Other charter schools have failed to find solid footing in the West Adams area. Most recently, the Inner City Education Foundation’s Frederick Douglass Academy Middle and High Schools closed in June.
Whether CLIC is caught up in the political opposition that confronts charter schools in L.A. is impossible to judge.
King declined an interview request from The Wave to discuss CLIC’s proposal or the coalition’s position.
The Wave spoke at random to several South Norton Avenue residents and visitors exiting their cars or walking in the neighborhood. Most said they knew about CLIC’s proposal to relocate to Venice Boulevard and supported the coalition in opposing CLIC’s traffic plan. None said they opposed the location of the charter school on Venice.
Resident Marco Lopez said, “I think when you have a school, it is always good.”
Al Smith, a neighbor of 30-plus years, said, “We don’t mind the school.”
Businessman Andy Lopez, owner of La Adelita Bakery, told The Wave by telephone: “I did not know about the charter school or its proposal to open South Norton. Neighbors would be scared of traffic, but I believe charter schools are a huge benefit. I don’t think anybody in the Latino community disagrees anymore with the mess of LAUSD. … The charter schools have such huge popularity. It’s a simple problem: the unions. … You can’t fire teachers in the public schools; you can’t run a business like that.”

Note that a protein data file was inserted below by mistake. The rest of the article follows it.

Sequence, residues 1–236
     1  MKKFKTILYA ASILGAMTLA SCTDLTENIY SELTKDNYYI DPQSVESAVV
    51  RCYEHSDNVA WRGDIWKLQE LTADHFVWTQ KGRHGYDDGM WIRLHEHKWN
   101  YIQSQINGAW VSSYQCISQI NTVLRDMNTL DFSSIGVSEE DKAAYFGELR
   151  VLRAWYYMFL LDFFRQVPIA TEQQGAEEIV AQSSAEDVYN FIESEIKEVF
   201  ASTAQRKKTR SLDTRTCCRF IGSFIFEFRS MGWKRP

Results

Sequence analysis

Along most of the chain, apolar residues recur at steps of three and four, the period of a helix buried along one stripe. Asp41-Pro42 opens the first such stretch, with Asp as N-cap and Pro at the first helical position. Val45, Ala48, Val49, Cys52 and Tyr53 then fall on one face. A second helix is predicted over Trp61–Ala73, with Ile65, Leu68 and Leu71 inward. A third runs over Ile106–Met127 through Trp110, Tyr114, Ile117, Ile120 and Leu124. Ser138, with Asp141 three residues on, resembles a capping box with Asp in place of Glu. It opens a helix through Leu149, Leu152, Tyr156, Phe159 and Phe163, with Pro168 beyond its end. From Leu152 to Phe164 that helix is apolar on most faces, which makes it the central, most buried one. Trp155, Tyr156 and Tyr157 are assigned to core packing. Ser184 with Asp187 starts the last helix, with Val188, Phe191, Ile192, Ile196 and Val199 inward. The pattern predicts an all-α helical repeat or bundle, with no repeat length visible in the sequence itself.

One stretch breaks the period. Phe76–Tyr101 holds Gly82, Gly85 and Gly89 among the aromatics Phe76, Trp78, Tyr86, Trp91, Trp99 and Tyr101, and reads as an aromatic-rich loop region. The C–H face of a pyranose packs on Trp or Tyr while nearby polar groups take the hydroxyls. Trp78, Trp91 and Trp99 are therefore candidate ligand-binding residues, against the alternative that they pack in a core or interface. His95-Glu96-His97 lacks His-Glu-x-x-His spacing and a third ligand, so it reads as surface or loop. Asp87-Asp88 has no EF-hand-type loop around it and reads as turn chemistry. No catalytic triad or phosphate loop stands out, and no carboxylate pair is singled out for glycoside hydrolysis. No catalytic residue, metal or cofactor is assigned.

Braimah said, “We solicited the neighbors for their input and support. Now, we are back to the drawing board on the traffic study and have submitted new alternatives to [the Department of Transportation]. If available, the study’s results will be discussed with the community in December.”
CLIC has submitted preliminary environmental assessment forms to L.A.’s Planning Department and discussed its initial proposal with the planning-zoning committee of the United Neighborhoods Neighborhood Council.
City Planner Frank Quon said, “We are in the very beginning stages and environmental review of the project has yet to be completed.”